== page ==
What is a Blockchain? and why?


What is a Blockchain?

For the uninitiated, a blockchain is a distributed database between the nodes of a CPU network. Electronically storing information in digital format, blockchains are known for their central role in cryptocurrency systems, such as Bitcoin, for maintaining a decentralized records of transactions. These transactions are secure and safe. The specialty of a blockchain is its strong ability to keep records of data secure and protected. This generates trust for third parties using the system.

Key difference between databases and blockchain is the structure of each and the manner in which information is stored.

Structure- blockchain collects information in clusters, known as blocks. A chain of information blocks is formed. Blocks are store houses of information clusters. These blocks are linked to older store houses or blocks. Thus, a chain of data storehouses of information called blocks is formed leading to a ‘Blockchain’. More fresh information clusters are added to the chain in new block systems in definitive timelines. Each block in the chain is given an exact time and date stamp, when it is added to the chain. Information timelines are not reversible. Implemented in a blockchain is decentralized.

On the other hand, databases usually store data into tables.

How did Blockchain find its niche?

Blockchain which is an open cryptographically protected list of records is decentralized. What do we mean by decentralized?

It is stored not by one centralized entity, like a social network, but split between the heaps of users on the blockchain community -i.e., it is decentralized. Blockchains are secure. They are resistant to fraud. With no central authority, blockchains of social networking sites present the opportunity to bring the personal data back to the users granting them more control over its usage.

Blockchains were first introduced as a cryptocurrency technology. Over the past decade, it has come a long way to become one of the most desired technologies for any industry from finance to public sector.

We present an interesting history of blockchain below:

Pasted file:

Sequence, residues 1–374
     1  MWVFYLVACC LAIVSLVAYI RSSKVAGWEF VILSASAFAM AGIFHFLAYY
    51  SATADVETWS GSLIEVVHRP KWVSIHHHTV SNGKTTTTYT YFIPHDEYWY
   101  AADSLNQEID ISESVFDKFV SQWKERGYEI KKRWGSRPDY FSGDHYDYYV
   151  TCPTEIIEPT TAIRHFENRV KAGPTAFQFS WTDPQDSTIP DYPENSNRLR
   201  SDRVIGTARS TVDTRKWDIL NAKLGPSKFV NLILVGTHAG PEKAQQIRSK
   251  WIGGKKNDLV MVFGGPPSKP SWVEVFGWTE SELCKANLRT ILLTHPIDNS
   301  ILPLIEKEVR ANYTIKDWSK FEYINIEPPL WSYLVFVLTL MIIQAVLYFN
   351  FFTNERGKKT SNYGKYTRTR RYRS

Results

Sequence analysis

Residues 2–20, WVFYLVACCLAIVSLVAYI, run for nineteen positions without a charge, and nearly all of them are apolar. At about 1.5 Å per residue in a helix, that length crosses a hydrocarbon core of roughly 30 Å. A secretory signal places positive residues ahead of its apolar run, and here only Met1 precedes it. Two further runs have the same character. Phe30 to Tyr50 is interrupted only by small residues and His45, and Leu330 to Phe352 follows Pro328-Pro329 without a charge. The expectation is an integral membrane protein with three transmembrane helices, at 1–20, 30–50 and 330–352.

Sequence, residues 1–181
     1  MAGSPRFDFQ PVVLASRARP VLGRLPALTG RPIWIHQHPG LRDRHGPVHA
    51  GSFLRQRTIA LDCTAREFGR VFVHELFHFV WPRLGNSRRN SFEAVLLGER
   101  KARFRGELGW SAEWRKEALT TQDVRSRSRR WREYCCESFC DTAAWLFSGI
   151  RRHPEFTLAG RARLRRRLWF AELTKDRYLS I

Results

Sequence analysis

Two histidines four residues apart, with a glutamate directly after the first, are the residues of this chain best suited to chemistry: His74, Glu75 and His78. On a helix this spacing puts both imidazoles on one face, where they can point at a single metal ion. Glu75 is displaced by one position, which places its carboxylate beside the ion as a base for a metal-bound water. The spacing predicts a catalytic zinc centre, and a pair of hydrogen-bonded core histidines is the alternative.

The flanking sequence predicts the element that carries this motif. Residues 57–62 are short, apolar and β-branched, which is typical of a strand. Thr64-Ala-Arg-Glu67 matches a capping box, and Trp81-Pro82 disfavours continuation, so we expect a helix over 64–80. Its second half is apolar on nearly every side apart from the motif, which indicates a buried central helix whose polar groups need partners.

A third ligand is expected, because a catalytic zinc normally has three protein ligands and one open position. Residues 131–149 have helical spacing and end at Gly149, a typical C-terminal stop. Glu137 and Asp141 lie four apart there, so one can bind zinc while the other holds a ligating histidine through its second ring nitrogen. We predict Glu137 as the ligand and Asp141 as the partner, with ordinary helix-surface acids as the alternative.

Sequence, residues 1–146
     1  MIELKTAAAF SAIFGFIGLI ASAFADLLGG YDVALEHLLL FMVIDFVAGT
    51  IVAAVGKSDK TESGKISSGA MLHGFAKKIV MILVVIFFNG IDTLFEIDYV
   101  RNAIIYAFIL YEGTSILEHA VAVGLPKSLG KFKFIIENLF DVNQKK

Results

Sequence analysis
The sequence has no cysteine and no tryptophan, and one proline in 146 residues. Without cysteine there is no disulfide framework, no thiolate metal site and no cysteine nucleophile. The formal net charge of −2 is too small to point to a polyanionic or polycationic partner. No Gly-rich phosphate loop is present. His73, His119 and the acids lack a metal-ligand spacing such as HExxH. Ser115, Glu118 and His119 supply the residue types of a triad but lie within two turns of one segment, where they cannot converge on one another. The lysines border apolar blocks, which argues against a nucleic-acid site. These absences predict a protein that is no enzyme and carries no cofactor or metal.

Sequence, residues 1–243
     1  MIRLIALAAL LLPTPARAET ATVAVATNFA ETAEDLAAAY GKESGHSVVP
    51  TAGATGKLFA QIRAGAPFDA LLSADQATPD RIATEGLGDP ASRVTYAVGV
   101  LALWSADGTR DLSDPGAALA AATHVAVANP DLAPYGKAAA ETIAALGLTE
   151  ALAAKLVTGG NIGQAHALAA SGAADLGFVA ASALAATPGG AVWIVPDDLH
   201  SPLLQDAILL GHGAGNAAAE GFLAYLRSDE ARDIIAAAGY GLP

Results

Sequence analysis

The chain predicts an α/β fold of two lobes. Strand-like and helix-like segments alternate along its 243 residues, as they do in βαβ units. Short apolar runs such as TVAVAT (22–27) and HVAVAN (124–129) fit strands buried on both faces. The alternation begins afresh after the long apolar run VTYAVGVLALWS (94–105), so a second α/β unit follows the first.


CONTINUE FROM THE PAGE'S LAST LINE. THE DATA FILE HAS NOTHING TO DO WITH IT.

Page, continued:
2008-2013- Bitcoin

In 2008, Satoshi Nakamoto released a white paper on a purely peer-to-peer electronic cash version. This white paper was soon to become a starting point of blockchain history and the first blockchain product, Bitcoin (BTC) cryptocurrency, came to the market. Over the years, Bitcoin was taking its initial steps:

  •         2009-the first transaction and receiving its traditional equivalent of currencies
  •         2010-2011-the first payment with the BTC and on par with the US Dollar
  •         2013-the first hearing of the US Senate on digital currency resulted in BTC price escalating to $750 and a ‘gift’ from the chairman of the Federal Reserve


2014-2018- Smart Contracts and Ethereum

 Bitcoin became a success. Hence, developers shifted focus to the blockchain as a technology that could be utilized for several purposes and in different domains outside cryptocurrency and finance.

 In 2015, Vitalik Buterin a cryptocurrency researcher and a co-founder of Bitcoin introduced the second public blockchain Ethereum. He realized that BTC needed scalability and had its restrictions.

Moreover, the new platform offered smart contracts that could easily process based on a set of criteria established in the Ethereum blockchain. Business corporations soon realized the new potential of blockchain. The blockchain boom began. Within a year, in 2017-2018, the BTC price jumped from around $1000. to $20000. Therefore, in 2017, virtual currencies became officially recognized in Japan. Subsequently, in 2018, Switzerland began accepting tax payments in BTC.

Thus, the Ethereum platform grew into a base for several decentralized blockchain applications and services.

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